• Regular mindfulness practice improves mental focus. Pulled in too many directions? When we multitask, our concentration levels deplete. As you continue to practice mindfulness meditation, the simple act of returning to the breath, over and over again, builds the “muscle” of attention, helping you both stay on task and recognize distractions. A small study suggests that even 10 minutes of meditation a day can contribute to better focus.
  • Meditation boosts compassion—toward yourself and toward others. Studies suggest loving-kindness practices can change our response to suffering, increasing altruistic behavior. Additionally, research on meditators with a long-term practice suggests that the “default mode network” of the brain—where we ruminate and let our thoughts wander when we’re not focused on a particular activity—quiets down, which might indicate Olympic-level meditators do not ruminate as much over their identity.
  • Mindfulness reduces bias—toward the negative, and toward others. It’s not a surprise—we tend to focus on the negative. Preliminary research suggests mindfulness might help us shift gears out of our knee-jerk reactivity toward “bad” things. But what about bias on a larger social and psychological scale? Researchers are considering how mindfulness-based approaches might help minimize bias.
  • Mindfulness may improve mental health. When combined with traditional approaches, Mindfulness-Based Cognitive Therapy may help individuals with anxiety and depression work with rumination and troubling thoughts.


Many of us want to make changes to support our overall health. This is particularly important when we try to balance academics with the rest of our lives. When it comes to developing habits that support our success, small changes make all the difference. Check out our Do’s and Don’ts for habits:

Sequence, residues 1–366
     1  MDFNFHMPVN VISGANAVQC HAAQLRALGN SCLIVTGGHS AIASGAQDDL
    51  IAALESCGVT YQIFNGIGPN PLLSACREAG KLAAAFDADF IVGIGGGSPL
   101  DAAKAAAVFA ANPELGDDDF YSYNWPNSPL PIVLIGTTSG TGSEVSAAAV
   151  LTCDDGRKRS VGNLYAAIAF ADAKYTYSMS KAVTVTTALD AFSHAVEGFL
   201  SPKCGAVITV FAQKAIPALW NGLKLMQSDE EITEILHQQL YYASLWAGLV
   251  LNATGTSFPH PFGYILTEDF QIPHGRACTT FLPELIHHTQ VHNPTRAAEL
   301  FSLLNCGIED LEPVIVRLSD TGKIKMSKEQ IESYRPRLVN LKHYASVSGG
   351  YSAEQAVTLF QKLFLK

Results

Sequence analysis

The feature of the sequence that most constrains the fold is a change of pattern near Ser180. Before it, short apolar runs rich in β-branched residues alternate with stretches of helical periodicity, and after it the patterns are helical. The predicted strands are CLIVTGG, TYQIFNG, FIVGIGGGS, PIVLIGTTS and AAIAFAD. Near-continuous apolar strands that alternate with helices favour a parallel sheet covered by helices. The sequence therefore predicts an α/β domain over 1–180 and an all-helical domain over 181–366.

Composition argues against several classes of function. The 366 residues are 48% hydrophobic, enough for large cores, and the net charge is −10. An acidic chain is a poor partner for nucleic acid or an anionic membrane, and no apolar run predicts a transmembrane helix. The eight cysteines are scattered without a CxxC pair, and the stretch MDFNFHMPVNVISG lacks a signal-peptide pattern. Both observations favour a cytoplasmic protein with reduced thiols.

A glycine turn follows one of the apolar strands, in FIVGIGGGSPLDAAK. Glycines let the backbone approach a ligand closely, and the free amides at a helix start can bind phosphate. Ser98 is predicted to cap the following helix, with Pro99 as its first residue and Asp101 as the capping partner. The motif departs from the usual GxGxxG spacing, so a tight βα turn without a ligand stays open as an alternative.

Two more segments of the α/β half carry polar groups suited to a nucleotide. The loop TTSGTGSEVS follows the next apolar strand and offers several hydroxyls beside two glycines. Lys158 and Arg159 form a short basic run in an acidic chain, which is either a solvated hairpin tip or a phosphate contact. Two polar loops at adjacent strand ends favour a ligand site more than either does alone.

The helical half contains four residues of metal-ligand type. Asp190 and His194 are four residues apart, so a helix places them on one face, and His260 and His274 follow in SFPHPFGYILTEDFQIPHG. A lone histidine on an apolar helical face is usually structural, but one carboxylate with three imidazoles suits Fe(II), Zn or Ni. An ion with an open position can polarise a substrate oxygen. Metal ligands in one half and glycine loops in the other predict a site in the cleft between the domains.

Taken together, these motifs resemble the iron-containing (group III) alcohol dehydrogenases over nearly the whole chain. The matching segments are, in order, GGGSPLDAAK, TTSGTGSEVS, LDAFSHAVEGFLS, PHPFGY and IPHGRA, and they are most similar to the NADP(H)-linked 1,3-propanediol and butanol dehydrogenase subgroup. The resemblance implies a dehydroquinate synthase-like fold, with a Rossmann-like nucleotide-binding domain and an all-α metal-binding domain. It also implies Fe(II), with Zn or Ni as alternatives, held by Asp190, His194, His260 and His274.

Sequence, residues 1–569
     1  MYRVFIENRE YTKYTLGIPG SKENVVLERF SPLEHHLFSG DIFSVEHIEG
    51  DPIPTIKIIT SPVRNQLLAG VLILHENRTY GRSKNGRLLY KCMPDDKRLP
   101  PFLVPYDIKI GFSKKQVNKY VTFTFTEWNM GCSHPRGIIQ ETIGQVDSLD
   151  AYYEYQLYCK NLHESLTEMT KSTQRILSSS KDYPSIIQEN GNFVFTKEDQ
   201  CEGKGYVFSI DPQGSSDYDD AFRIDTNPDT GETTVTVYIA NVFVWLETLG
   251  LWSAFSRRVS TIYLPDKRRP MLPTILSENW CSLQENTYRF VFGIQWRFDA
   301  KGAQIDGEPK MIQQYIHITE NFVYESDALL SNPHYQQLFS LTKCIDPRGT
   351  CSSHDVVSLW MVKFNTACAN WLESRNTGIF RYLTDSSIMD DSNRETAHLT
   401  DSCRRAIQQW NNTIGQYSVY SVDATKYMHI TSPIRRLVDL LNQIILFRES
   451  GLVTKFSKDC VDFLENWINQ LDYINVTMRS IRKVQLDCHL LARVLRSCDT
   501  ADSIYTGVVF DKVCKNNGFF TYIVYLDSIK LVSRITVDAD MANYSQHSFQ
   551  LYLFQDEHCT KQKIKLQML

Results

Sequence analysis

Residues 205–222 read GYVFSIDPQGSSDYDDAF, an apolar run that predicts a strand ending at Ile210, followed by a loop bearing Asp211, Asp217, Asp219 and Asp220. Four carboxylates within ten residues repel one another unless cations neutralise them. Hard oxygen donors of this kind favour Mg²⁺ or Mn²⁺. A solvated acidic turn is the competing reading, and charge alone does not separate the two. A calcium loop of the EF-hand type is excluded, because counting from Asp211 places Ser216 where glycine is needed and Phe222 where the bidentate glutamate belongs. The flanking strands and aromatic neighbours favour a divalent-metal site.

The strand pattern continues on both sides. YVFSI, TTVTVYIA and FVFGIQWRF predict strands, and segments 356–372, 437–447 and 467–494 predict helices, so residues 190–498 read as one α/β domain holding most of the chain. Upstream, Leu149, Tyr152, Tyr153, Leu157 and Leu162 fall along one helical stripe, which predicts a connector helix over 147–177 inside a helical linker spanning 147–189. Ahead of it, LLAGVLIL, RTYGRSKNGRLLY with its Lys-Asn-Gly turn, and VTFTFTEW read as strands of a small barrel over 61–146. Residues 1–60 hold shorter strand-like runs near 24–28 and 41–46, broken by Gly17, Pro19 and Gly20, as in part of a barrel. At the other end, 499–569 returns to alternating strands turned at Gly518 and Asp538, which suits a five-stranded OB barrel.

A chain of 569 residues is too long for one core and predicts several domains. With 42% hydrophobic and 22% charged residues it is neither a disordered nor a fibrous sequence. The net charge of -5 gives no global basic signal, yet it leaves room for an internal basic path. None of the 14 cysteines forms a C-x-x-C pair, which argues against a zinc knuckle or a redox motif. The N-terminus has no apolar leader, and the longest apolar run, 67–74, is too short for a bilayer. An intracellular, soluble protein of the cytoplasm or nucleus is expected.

DO: Try a little each dayDON’T: Expect drastic changes overnight

Example:
Getting up earlier 
Set your alarm 15 mins earlier than normal each week
 
Expect yourself to get up 2 hours earlier than you typically do
 
Healthier eating habits 
Plan and prep 2 healthy meals/weekTell yourself you’ll NEVER eat fast food or “junk” again
 
Completing Assignments Early 
Carve out 30 minutes to work on big projects each day
 
Wait for the sun, moon and stars to align for the perfect time to get started.
 

Create your own healthy change goal by asking yourself these questions:
  • What do I want to achieve?
  • In what time frame?
  • Is this goal realistic? Is it achievable? Do I need to shift expectations to make it so?
  • Do I need support to get there?
October marks both National Depression Screening Day and World Mental Health Day. Both began in an effort to increase awareness and decrease stigma around mental health conditions. Since 1990, health care providers throughout the U.S have provided mental health screenings to help share resources and provide guidance around finding support. Don’t have time to sign up for an appointment on NYFA’s Screening Day? Email your Counseling Office or find information and support from one of these national organizations.Want to learn more about Mental Health?
Remote psychiatry appointments nationwide Mindful Urgent Care | Same Day Psychiatric Services
Follow NYFACares4U on Pinterest
Have a question or suggestion?
Let us know via email: counseling@nyfa.edu